Van Wyk: In accordance with the ISO standard, a number of manufacturers and suppliers suggest that DEF always be stored and transferred via a closed system that protects it from outside contaminants and impurities. DEF should be handled in dedicated containers that were manufactured specifically for use with DEF, made with materials approved in the ISO standard and rinsed and sealed accordingly. Do not reuse or refill open containers.

As little as 1/10th of a teaspoon of many common elements is enough to bring an entire 5,000-gallon tank of DEF off-spec, according to the ISO 22241 standard. These contaminants include Copper, Zinc, Chromium, Nickel, Iron, Aluminum, Phosphorous, Magnesium, Calcium, Sodium and Potassium. Even something as simple as tap water can bring DEF off-spec.

Prolonged exposure to direct sunlight and high temperatures will cause DEF to degrade. Stored under average temperatures of 50°F, DEF is good for 36 months. This reduces to 18 months at 77°F, 12 months at 86°F and just six months for DEF that is consistently exposed to temperatures above 96°F.

DEF freezes at 12°F, so follow these guidelines in colder climates:

  • DEF expands by approximately 7% when frozen. Prevent fully filled, closed containers and pumping systems from freezing, as this can cause damage. There are solutions on the market that include a heating element to ensure this doesn’t happen.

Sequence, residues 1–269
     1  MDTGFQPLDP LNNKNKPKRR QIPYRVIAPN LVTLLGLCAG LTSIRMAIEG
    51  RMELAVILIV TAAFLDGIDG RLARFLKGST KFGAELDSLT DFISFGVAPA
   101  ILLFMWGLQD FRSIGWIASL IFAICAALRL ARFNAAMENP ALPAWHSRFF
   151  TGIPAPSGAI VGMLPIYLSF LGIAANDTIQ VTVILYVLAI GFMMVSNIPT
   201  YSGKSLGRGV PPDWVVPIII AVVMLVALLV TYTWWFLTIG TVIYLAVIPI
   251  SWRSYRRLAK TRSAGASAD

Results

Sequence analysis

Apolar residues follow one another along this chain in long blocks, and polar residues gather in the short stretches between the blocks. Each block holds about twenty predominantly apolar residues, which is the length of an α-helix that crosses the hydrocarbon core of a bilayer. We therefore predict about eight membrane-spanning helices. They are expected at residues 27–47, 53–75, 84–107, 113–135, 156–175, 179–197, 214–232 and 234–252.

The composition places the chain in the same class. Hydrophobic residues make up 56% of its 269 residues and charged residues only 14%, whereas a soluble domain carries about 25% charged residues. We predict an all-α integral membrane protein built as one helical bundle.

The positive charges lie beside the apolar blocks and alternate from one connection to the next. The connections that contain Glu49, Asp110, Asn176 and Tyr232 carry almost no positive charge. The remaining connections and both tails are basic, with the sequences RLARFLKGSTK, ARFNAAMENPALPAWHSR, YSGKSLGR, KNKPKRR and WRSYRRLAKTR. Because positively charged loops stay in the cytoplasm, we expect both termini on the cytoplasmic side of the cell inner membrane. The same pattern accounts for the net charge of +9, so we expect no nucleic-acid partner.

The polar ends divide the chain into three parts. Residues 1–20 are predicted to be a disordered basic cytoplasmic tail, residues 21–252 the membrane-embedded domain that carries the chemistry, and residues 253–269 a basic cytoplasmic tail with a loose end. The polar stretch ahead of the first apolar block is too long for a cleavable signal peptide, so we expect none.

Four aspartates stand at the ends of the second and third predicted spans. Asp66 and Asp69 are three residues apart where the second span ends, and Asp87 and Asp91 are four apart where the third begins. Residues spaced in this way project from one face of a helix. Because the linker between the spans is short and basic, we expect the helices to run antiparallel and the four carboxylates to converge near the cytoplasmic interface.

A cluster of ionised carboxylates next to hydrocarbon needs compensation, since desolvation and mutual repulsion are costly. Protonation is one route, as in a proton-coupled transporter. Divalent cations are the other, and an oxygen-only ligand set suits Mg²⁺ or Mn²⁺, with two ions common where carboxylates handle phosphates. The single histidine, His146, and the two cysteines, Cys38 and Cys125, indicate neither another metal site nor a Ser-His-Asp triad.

• Be sure DEF is completely thawed before use.
  • Do not use additives to prevent freezing as this can lead to contamination.

Rental: How much does it cost and how often does the tank need to be filled?

Van Wyk: Price will vary based on location and retailer. That’s another great benefit to equipment rental locations: buying DEF in bulk allows that rental business to acquire DEF at a lower price and provide it to their renters at competitive rates.

Each machine will be different in terms of how often the DEF tank needs to be filled. As a rule of thumb, most equipment manufacturers are recommending that the DEF tank is filled at the same time as the fuel tank. Follow OEM-required intervals, and always pay attention to the DEF gauge made available in most machines to ensure the machine always has a suitable volume of DEF available.